Once you’ve set up your main account (or accounts, depending on your goals or needs), one of the first ways you can do to automate your personal finances is to make your savings automatic through set bank transfers.
If you find saving money difficult to handle every time your paycheck comes in, automation can make this decision for you.
In fact, a study by the National Bureau of Economic Research found that automated retirement accounts, such that employees were automatically enrolled versus having them manually enroll, significantly increased contribution rates to nearly 100% from below 40%.
Following this finding, automated savings guarantees that money is put aside before you have the chance to spend it. In addition, this method makes saving the priority—allowing you to map out and easily attain short- and long-term goals, such as setting aside money for a vacation or paying for a long-needed house or car repair.
3) Set Automatic Payments for Bills and Debts
Another way you can automate your finances is to apply it to your expenses.
After setting up the necessary accounts, settling bill and debt payments can be fairly easy. You’ll rarely miss a payment and be charged late fees, accruing interests on top of your base debt. You also won’t have to worry about scheduling when to make your payments.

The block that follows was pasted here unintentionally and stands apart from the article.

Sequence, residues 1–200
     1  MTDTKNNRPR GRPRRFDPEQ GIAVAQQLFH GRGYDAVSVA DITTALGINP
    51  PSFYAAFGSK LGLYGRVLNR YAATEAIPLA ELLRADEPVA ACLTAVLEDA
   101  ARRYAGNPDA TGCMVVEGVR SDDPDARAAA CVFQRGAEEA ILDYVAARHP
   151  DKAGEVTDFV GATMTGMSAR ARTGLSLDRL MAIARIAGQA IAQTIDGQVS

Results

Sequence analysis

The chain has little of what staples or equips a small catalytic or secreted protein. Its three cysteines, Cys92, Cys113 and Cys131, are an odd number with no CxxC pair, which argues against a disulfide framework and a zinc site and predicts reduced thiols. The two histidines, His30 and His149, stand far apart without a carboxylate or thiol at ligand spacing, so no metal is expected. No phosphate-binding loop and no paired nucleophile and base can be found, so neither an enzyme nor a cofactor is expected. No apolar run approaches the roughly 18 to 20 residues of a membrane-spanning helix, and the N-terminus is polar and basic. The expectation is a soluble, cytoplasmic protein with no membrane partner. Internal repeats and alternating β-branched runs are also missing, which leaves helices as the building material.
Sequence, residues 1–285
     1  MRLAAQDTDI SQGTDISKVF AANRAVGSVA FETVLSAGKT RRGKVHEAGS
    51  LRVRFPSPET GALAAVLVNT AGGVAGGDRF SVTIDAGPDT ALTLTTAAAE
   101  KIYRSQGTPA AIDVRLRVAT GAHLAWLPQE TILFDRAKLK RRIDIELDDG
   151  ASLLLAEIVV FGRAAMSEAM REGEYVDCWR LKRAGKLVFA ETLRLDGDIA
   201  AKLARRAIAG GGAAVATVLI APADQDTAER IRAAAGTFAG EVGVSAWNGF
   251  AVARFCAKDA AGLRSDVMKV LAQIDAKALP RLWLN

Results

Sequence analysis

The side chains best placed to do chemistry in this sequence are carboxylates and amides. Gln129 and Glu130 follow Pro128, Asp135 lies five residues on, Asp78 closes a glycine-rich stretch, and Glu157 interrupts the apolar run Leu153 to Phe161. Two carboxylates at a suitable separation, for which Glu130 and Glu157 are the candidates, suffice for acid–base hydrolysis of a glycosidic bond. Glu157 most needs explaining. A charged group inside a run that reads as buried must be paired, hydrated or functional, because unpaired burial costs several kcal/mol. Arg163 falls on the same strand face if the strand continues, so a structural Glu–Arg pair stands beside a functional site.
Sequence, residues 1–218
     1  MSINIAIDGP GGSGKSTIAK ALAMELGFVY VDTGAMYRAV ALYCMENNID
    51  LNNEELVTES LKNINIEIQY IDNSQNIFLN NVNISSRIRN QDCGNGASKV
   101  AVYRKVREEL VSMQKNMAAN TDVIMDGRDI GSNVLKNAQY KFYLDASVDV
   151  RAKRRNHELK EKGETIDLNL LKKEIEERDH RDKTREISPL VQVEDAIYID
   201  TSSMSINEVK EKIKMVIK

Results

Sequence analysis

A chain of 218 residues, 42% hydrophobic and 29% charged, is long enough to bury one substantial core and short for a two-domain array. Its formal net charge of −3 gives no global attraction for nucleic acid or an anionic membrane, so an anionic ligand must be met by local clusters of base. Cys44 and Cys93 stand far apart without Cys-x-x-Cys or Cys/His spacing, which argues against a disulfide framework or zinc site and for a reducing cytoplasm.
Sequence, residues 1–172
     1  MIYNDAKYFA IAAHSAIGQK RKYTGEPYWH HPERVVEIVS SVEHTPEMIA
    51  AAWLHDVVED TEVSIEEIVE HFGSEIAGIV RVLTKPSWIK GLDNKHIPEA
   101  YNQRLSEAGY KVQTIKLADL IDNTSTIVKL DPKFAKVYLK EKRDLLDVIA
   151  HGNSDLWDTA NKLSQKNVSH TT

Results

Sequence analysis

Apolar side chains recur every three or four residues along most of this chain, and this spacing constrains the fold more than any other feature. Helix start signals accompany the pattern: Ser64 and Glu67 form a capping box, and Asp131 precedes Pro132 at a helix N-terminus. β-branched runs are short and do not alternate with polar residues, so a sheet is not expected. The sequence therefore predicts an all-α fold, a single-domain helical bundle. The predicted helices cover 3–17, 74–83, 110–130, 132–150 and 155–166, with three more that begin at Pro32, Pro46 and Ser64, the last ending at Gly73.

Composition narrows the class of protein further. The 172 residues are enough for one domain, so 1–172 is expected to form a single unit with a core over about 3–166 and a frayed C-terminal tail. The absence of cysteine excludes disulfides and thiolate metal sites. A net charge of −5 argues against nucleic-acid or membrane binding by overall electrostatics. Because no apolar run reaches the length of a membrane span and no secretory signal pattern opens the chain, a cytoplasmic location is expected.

However, you would still need to look over your expenses every once in a while, especially the recurring ones.
Although your bills will get paid on time, it’s also possible to neglect recurring payments or subscriptions for services you rarely use. You might also miss billing errors that are adding up to your monthly payments.
Unlike automating your savings, automating your expense payments should not be an “out of sight, out of mind” sort of thing, even if it’s more convenient.
4) Make Your Retirement Contributions Automatic
Finally, another way to apply finance automation to your personal finances is to make your retirement contributions automatic.
A recent survey found that while 18% of its respondents were “Very Confident” with how they prepared financially for retirement, the majority were not. In fact, 28% felt “Not Too Confident” and a startling 16% felt “Not at All Confident.”
Given the nature of retirement saving, many people make the mistakes of either not starting early or not saving enough over time. Sometimes, they make both mistakes, and end up having to work well past their planned retirement age or live below their desired lifestyle.
Similar to automating your savings, making your retirement contributions automatic ensures that: first, money is being invested into your retirement fund with each payment period; and second, that you are investing enough each time to be able to live comfortably during your retirement.
Make Your Money Work For You
Most of the time, when people say “make your money work for you!”, they’re referring to investing. However, you can also make your money work for you by automating the processes that govern your finances.
Remember these four ways of automating your personal finances when deciding how best to manage your money and, consequently, make your life easier.